Working in the same role for many years has many advantages, but depending on the nature...read more
As a result of a restructure I recently lost my job in a local authority. I have been redeployed into a lower grade post with 18 months payment protection at my higher salary. This started before my maternity leave of one year. I have requested that my payment protection is delayed and runs when I return from work as I will not be getting any benefit from it whilst earning SMP. I have received a response today from personnel that says they will not be extending it as as I requested as it is designed to enable you to prepare for a lower salary and I still have 18 months to do this (although in my view I won’t be getting any benefit from the pay protection and will miss one year of the higher salary). They have said that in other circumstances if someone was off sick and had reached the end of their paid sick period, they wouldn’t extend it for them. Is this indirect sex discrimination? I won’t be getting a year’s worth
of that higher salary and also I am not really in a position to prepare for lower earnings by applying for other jobs as I am going to be on maternity leave caring for my new baby.
This appears to be indirect sex discrimination. A person is indirectly discriminated against when their employer applies some sort of criteria/practice or provision to all staff but that criteria/practice or provision puts people of a certain sex at a disadvantage. In this case, the practice is that the payment protection period will not be extended for people absent from work without pay or on reduced pay. This puts women at a disadvantage because they are more likely than men to take extended breaks from work due to maternity leave. Your employer has a defence to this claim if they can show that the criteria/practice or provision is a proportionate means of achieving a legitimate aim. I believe that it would be hard for them to run this defence.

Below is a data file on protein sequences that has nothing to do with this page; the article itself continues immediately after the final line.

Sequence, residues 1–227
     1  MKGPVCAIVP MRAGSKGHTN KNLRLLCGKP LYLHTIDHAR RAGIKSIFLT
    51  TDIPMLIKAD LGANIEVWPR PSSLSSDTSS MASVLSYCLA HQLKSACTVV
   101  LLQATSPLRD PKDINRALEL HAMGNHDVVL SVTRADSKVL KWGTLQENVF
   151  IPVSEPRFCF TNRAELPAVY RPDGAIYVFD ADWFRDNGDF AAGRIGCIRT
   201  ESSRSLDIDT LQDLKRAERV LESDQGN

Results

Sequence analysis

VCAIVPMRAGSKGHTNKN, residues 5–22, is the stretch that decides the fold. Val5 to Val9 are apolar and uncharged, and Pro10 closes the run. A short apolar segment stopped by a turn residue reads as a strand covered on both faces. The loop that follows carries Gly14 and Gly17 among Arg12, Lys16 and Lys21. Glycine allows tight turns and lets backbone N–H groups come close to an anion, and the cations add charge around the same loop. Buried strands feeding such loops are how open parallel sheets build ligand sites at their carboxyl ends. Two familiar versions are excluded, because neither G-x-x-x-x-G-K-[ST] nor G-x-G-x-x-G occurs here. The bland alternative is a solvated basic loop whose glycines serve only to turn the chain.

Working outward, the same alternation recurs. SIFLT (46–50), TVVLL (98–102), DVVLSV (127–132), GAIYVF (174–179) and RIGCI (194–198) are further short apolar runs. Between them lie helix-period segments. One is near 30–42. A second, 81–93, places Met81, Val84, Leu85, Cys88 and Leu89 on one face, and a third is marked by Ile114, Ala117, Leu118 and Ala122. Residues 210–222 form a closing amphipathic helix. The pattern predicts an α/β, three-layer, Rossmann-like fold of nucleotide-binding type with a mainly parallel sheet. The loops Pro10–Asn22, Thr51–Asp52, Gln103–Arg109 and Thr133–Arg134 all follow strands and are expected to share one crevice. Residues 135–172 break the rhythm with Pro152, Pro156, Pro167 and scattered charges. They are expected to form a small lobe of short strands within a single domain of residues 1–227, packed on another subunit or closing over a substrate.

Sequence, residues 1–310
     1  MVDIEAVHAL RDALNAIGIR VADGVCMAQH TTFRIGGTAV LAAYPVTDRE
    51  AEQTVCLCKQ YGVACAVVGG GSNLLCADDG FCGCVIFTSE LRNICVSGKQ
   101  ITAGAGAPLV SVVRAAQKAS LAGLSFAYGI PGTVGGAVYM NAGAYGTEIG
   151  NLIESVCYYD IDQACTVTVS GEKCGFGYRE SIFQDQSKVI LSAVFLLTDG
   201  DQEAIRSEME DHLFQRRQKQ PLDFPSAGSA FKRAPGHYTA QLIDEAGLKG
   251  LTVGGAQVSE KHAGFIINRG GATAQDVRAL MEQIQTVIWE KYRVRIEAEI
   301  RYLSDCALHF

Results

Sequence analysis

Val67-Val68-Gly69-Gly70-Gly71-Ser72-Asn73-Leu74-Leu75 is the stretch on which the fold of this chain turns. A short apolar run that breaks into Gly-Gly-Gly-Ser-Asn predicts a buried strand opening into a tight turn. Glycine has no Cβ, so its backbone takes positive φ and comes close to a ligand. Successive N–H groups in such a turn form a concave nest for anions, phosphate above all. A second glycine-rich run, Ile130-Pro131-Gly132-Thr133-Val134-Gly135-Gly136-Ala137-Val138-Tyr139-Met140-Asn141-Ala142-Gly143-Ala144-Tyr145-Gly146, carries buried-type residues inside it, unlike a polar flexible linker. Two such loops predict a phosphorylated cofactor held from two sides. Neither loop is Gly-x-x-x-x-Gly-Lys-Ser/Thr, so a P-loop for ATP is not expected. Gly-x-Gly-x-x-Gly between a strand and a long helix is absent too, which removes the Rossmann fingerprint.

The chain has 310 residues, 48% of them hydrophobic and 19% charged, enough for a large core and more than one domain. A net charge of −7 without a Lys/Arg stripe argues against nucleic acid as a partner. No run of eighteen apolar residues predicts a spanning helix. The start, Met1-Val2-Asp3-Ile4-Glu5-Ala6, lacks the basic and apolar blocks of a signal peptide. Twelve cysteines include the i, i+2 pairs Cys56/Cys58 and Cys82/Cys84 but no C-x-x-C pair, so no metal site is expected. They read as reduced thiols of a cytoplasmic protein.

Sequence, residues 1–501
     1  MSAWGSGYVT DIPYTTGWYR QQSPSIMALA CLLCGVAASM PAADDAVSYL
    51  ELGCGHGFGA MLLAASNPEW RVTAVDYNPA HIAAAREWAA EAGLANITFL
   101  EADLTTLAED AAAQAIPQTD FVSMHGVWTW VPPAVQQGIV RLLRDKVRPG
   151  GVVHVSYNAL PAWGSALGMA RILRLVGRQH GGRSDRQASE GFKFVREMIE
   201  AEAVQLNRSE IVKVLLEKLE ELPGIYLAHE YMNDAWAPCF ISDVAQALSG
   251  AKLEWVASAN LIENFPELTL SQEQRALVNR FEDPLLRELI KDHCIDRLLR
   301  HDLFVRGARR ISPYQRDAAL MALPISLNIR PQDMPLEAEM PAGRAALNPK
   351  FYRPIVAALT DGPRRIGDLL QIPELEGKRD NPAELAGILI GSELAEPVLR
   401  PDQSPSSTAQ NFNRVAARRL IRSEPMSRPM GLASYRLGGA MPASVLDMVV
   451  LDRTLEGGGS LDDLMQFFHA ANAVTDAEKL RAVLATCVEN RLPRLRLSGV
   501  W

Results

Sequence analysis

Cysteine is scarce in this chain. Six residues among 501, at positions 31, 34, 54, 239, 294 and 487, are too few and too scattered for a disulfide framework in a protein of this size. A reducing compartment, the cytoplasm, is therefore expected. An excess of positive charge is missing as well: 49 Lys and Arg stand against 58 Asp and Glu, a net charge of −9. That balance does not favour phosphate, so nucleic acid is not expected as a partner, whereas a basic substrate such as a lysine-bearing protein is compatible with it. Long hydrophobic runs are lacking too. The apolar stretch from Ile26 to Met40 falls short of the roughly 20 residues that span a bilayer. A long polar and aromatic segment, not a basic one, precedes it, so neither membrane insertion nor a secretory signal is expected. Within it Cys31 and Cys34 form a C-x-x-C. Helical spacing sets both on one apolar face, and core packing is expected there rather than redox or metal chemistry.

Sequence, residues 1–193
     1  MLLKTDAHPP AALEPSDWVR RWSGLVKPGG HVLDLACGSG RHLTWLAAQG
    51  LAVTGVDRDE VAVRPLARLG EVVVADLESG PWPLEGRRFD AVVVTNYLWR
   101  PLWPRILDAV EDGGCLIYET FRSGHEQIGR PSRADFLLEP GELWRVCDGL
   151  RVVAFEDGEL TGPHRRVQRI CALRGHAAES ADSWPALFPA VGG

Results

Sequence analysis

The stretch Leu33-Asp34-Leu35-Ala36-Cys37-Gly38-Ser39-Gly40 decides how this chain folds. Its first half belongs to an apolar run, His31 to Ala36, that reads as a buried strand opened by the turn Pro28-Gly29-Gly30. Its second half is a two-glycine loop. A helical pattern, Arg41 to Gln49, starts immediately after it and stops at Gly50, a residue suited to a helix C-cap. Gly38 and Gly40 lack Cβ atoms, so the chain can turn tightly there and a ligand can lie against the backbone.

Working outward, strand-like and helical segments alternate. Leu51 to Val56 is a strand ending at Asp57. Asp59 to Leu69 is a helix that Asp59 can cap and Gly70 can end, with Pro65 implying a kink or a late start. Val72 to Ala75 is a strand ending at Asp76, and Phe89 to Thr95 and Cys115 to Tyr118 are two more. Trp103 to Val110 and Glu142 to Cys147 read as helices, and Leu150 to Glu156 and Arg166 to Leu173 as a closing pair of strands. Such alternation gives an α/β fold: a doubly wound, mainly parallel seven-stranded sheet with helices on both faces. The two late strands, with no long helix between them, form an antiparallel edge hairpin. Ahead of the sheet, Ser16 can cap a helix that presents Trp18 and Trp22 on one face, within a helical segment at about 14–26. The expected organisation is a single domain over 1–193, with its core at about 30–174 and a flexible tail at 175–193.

In relation to how long your payment protection should be extended for, you need to take into account how many months you will be paid at full pay during your maternity leave e.g. if you receive full pay for three months and take 12 months maternity leave, then your payment protection should be extended for nine months rather than 12 months.
At this stage you need to raise a formal grievance in relation to the extension of your payment protection and explain that you believe their practice indirectly discriminates against you. If the grievance process does not resolve the issue then you should consider submitting a claim for sex discrimination. You could also resign and claim constructive unfair dismissal. Before submitting a claim or resigning you should take further legal advice. Bear in mind that a claim for discrimination needs to be submitted within three months of the act of discrimination i.e. from the date when you were first told that they would not extend your payment protection period due to your maternity leave.
*Sarah Calderwood assisted in answering this question.